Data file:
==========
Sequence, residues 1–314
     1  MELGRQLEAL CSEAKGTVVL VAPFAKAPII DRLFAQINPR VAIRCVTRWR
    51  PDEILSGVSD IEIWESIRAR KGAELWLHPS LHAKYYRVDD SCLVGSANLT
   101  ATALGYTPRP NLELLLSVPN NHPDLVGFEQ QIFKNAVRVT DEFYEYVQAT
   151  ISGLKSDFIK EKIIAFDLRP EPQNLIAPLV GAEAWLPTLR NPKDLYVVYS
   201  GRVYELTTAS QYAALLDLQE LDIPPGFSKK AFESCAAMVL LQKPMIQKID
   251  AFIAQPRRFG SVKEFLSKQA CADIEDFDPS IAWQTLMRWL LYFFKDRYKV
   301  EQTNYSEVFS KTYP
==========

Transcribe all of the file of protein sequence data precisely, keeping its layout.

Sequence, residues 1–314
     1  MELGRQLEAL CSEAKGTVVL VAPFAKAPII DRLFAQINPR VAIRCVTRWR
    51  PDEILSGVSD IEIWESIRAR KGAELWLHPS LHAKYYRVDD SCLVGSANLT
   101  ATALGYTPRP NLELLLSVPN NHPDLVGFEQ QIFKNAVRVT DEFYEYVQAT
   151  ISGLKSDFIK EKIIAFDLRP EPQNLIAPLV GAEAWLPTLR NPKDLYVVYS
   201  GRVYELTTAS QYAALLDLQE LDIPPGFSKK AFESCAAMVL LQKPMIQKID
   251  AFIAQPRRFG SVKEFLSKQA CADIEDFDPS IAWQTLMRWL LYFFKDRYKV
   301  EQTNYSEVFS KTYP